[CT Birds] Richard English

Mark Szantyr birdinggeek at gmail.com
Thu Jul 14 19:28:02 EDT 2011


On Jul 14, 2011, at 5:43 PM, <jtriana1 at sbcglobal.net> wrote:

> CT-Birders,
> As the historian of the New Haven Bird Club, I am saving all the notes and
> remembrances from CTBirds about Richard and will add them to our archives.
> 'Thank you' to everyone who has commented.  If you have more that you'd like
> to share off-list, you can email me directly.  I'd also be interested in any
> photos you have of him.
> Back in the spring, Patrick Comins asked me for some information on Richard
> as he was going to receive the President's Award at the COA meeting.  The
> following is a list of information about Richard that I provided.
> "Patrick,
> I'm just going to give you a number of bullets about him.  Obviously, most
> of what I have is based on NHBC history.  However, many across the state
> have benefited from his work, whether they know it or not.
> - First joined the NHBC as a junior member in 1946.  His parents were
> members back into the 1920's.  His is the longest membership in the history
> of the NHBC.
> - He and his parents (Philip and Katherine) were the first to join the NHBC
> as life members in the early 1970's.  (note: we bestowed life membership on
> at least one other person before that, but they were the first to join at
> that level).
> - He served as NHBC president from 1965-1967.  This was during a period when
> NHBC was transitioning from somewhat of a social club interested in birds in
> the 1940's-1950's to a more hardcore birding group.  It started in the early
> 1960's when folks like Mae McCabe, Tony Cosenza, and Bill Stoddard started
> to make various lists and restarted the New Haven CBC.  We have almost no
> record of participation in CBC's during the 1940's-1950's - only one mention
> in 1953.  The first one that appears in the minutes after that is the 1960
> CBC that included Richard.
> - Richard was in the middle of that crescendo of birding in the 1960's.
> After taking the torch from those that I mentioned, he ran with people like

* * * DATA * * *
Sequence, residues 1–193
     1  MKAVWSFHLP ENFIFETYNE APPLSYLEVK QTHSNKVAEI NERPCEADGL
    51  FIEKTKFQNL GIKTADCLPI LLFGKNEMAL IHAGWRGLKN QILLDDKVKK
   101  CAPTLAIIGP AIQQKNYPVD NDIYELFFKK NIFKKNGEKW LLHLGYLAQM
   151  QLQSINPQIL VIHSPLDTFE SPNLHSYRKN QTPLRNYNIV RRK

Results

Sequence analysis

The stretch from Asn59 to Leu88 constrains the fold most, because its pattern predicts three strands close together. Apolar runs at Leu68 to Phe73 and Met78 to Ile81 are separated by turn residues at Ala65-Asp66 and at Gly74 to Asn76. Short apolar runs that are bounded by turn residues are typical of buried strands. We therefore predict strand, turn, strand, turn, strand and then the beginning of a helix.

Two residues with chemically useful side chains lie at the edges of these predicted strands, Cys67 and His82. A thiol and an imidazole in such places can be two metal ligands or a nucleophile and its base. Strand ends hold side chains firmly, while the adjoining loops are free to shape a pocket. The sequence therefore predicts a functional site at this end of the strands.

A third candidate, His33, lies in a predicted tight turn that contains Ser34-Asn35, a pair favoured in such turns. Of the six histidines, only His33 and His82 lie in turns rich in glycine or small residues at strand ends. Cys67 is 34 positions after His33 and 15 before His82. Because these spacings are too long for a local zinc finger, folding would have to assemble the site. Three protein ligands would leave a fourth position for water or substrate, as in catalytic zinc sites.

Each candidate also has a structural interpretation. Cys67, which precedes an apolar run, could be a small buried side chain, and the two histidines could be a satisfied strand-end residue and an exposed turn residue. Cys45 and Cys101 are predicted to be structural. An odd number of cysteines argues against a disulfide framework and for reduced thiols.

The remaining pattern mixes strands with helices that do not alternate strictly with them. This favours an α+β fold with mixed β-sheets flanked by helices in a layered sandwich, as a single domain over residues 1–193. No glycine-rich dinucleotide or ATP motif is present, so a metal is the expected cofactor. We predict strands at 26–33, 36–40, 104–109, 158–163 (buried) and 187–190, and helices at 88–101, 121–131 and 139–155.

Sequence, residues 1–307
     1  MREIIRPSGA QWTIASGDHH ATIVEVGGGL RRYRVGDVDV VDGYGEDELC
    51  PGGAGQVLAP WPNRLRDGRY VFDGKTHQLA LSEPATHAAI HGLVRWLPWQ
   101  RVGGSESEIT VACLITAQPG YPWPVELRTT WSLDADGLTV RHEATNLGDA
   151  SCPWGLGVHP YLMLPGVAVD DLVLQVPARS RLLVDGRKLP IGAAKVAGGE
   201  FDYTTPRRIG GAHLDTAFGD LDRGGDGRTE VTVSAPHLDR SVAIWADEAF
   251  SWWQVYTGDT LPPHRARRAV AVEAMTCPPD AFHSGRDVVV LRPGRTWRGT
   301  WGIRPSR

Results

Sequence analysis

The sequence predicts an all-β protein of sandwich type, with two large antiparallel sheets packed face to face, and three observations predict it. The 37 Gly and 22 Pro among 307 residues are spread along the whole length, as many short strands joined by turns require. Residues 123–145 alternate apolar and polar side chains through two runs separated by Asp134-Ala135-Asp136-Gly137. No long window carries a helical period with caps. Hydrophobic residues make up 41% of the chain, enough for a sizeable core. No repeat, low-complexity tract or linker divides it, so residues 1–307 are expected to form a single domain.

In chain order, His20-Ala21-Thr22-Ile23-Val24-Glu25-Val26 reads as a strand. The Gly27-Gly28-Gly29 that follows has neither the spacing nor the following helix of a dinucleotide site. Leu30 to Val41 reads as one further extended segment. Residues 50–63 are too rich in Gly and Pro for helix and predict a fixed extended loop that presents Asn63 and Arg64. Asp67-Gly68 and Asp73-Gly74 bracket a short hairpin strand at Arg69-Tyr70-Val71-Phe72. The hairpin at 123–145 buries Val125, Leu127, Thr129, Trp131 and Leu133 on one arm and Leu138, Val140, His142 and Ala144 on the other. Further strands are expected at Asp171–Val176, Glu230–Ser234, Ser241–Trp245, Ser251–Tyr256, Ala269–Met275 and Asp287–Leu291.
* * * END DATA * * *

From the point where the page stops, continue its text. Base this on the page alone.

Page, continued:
> Noble Proctor and Davis Finch, getting the club more and more involved in
> what we would consider "birding" as we know it today.  He would then pass
> the torch to people like the Letis' and Fred Sibley.
> - Two of Richard's biggest accomplishments for the club were 1) an update of
> our checklist in 1965.  The previous checklist was done in the late 1920's.
> We've updated our New Haven County checklist several times since 1965,
> always relying on his notes from the 1960's. 2) He was one of the founders
> of our hawkwatch site at Lighthouse back in the 1970's.
> - Richard (and his whole family) have been very generous towards parks and
> environmental concerns around the state, but especially in New Haven.  There
> was an English on the New Haven Parks Commission for many years - preserving
> many of the places we hold near and dear (e.g. East Rock Park and Lighthouse
> Pt. Park).  They've donated money for parks and bird sanctuaries in many
> places.  One such location is the Richard English Bird Sanctuary next to
> Deer Lake in Killingworth.  I believe it is part of a scout camp.
> - One more personal note.....Richard comes from a long line of successful
> Connecticut Yankees.  I believe that he has CT governors on both parts of
> his family tree (from his father's and mother's side).  While he goes to
> operas and enjoys the things that might be stereotypical of a person of
> great wealth, he is very down-to-earth, extremely friendly, and never puts
> on airs.  I have been a member of the NHBC for many years myself, going back
> to the early 1980's when I was in junior high school.  When I came back in
> the area after grad school and got involved in the club again, I remember
> going to my first annual banquet.  I was sitting at a sparsely populated
> table, not really talking to anyone.  Someone tapped me on the shoulder from
> a neighboring table and asked if I had seen anything interesting lately.
> That person was Richard.  We talked for a while, with him sounding like he
> had known me forever.  I knew who he was, but I am sure he didn't know my
> name at the time.  It was a gesture of kindness I will never forget.  I
> often try to "pay it forward" when I see someone by themselves at walks or
> meetings."
> Thank you Richard.  Godspeed.
> Thanks,
> JT
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